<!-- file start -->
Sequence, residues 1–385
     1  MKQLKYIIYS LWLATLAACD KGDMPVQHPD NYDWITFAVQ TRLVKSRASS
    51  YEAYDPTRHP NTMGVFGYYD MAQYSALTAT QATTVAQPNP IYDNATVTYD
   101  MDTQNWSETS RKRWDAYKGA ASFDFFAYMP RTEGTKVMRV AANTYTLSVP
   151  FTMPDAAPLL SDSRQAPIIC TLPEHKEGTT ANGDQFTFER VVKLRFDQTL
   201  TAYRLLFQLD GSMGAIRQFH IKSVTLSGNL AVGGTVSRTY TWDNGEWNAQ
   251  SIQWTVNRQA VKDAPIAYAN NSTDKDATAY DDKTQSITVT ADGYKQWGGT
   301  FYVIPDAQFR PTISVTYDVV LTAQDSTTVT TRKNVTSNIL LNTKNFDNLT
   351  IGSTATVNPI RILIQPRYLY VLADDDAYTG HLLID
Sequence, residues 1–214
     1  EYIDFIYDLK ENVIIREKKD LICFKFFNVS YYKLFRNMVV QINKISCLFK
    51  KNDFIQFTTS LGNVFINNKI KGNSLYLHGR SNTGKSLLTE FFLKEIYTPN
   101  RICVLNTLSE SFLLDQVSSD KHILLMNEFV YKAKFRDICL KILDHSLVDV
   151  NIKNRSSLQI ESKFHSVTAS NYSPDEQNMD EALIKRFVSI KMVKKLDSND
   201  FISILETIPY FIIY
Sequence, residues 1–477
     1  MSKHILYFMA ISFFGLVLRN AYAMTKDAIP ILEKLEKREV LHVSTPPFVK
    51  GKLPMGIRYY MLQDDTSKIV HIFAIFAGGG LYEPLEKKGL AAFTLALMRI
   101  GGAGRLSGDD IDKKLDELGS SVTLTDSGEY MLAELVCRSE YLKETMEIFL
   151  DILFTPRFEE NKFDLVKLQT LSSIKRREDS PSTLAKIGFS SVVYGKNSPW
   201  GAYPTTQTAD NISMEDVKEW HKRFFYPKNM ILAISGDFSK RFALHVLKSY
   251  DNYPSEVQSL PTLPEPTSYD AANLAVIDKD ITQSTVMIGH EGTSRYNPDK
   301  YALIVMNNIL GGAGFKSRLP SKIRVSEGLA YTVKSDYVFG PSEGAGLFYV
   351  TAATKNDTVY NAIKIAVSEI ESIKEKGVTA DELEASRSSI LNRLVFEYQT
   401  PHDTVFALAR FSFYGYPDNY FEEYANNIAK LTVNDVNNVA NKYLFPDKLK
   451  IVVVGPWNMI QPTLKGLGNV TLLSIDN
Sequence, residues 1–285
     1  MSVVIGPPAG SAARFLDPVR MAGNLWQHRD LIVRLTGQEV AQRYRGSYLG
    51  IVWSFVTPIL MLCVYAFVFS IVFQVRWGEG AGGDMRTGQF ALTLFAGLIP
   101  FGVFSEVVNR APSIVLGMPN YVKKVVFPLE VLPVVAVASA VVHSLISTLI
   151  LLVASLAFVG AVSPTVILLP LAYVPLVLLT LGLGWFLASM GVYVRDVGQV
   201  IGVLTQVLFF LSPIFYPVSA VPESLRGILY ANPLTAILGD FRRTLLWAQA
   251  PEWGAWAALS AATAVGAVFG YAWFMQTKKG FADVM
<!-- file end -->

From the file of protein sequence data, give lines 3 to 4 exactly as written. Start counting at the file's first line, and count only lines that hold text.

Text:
    51  YEAYDPTRHP NTMGVFGYYD MAQYSALTAT QATTVAQPNP IYDNATVTYD
   101  MDTQNWSETS RKRWDAYKGA ASFDFFAYMP RTEGTKVMRV AANTYTLSVP